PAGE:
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Digital transformation has never been more critical

Digitisation in both the private and public sector spaces is the key to surviving the current lockdown. It is digitally transformed businesses in both sectors that are the key to kick-starting the economy again.

Johannesburg, 15 May 2020
Read time 3min 50sec
Abdul Moosa, CTO for South Africa and English speaking Africa, CoCre8 Technology Solutions.
Abdul Moosa, CTO for South Africa and English speaking Africa, CoCre8 Technology Solutions.

The COVID-19 crisis is the one thing on everybody’s mind at present, not only due to the life-threatening nature of the pandemic, but also because of the manner in which it is reshaping the way we do business. The need to practice social distancing, coupled with the manner in which the economy has effectively been shut down is driving the creation of new approaches and better ways of doing things.

The organisations that are finding they are haemorrhaging money in the current environment are mostly those that have been slow in implementing digital channels, says Abdul Moosa, CTO for South Africa and English-speaking Africa at CoCre8.

“On the other hand, where technology businesses have already digitally transformed, they are finding their revenue numbers soaring. For example, those that provide cloud services are doing fine, due to the cloud’s ease of use and the ability for customers to acquire these services easily. On a global scale, we are also seeing e-commerce providers delivering goods en masse, with the concomitant doubling or even tripling of their revenue,” he says.

“The main reason these enterprises are being so successful is due to their ability to leverage data analytics to more clearly understand their customers, which thus enables them to rapidly change their business models to suit the new requirements demanded by the current situation.”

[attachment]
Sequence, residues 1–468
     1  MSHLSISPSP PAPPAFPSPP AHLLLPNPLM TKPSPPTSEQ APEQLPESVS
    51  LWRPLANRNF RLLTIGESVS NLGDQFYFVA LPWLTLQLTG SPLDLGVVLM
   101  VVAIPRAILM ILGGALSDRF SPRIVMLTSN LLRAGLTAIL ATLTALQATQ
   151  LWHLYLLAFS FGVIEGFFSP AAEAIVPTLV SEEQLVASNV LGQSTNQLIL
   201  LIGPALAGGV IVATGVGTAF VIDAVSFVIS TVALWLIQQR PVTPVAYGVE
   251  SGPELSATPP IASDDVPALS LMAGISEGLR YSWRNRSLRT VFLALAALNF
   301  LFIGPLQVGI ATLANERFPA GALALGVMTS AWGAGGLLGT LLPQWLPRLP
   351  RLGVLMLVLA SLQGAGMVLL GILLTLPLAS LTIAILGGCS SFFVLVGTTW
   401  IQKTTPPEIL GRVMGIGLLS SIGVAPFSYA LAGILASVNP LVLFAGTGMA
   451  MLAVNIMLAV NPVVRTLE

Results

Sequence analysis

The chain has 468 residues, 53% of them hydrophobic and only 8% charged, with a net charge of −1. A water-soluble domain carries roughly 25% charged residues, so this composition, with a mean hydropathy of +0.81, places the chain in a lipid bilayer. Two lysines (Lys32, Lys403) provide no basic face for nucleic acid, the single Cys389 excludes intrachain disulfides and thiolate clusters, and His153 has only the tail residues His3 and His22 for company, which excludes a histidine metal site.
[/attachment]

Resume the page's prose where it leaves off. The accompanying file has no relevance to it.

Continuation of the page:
Furthermore, he adds, leveraging digital allows these players to increase their levels of innovation and implement new services rapidly, in order to drive things forward. Innovations, in turn, create additional new jobs, which changes the dynamics of the economic situation, and hopefully also leads to further innovation and job creation.

“Moreover, think of the impact improved digitisation can have in the public sector sphere. A more digitised government will be better placed to make positive changes and have a deeper impact in impoverished communities, by opening up access to avenues these citizens did not have before. Examples here would be citizens obtaining skills via digital learning channels and using these new channels to foster new entrepreneurial opportunities.

“Naturally, the challenge for government in accelerating such digital services lies in the slow pace of its procurement policies and its lack of ability to properly engage with the private sector because of this. After all, there are already solutions available that are able to track the impact and spread of the coronavirus, all that is needed is for government to begin engaging with the organisations, while forgetting about who will benefit upstream or downstream from this.”

It all comes down to government’s attitude and aptitude to move quickly enough, he continues, suggesting that now might be the time for the public sector to put together a technology panel to consider such solutions and implement the best ones as soon as possible.

“In other words, what is required is a technology-first approach, which would be perfectly in keeping with the proposed move towards a fourth industrial revolution (4IR) mindset. It’s about overcoming the old-school thinking within government and realising the tools, partnerships, ecosystem and information is all already available – all it requires is the right advisors and levels of buy-in from government, and these solutions should be able to be implemented very quickly.”

At the same time, he adds, South Africa has come to realise – now that the lockdown is making it difficult to import electronics – that it needs to be more self-sustainable when it comes to things like electronic manufacturing. This could help push the country in the direction of creating its own goods, rather than exporting raw materials and importing finished products.

“This means there is a huge opportunity to leverage an approach like this to help kick-start the economy. Remember that in the ecosystem of electronic manufacturing, opportunities abound for people with a wide range of differing skills, from electronics designers to artisans to those who service, install and configure the devices. Beyond this, each vertical market requires its own specialists, meaning the opportunities and attendant job creation will grow exponentially, which is exactly what is required to get the economy purring again,” he concludes.

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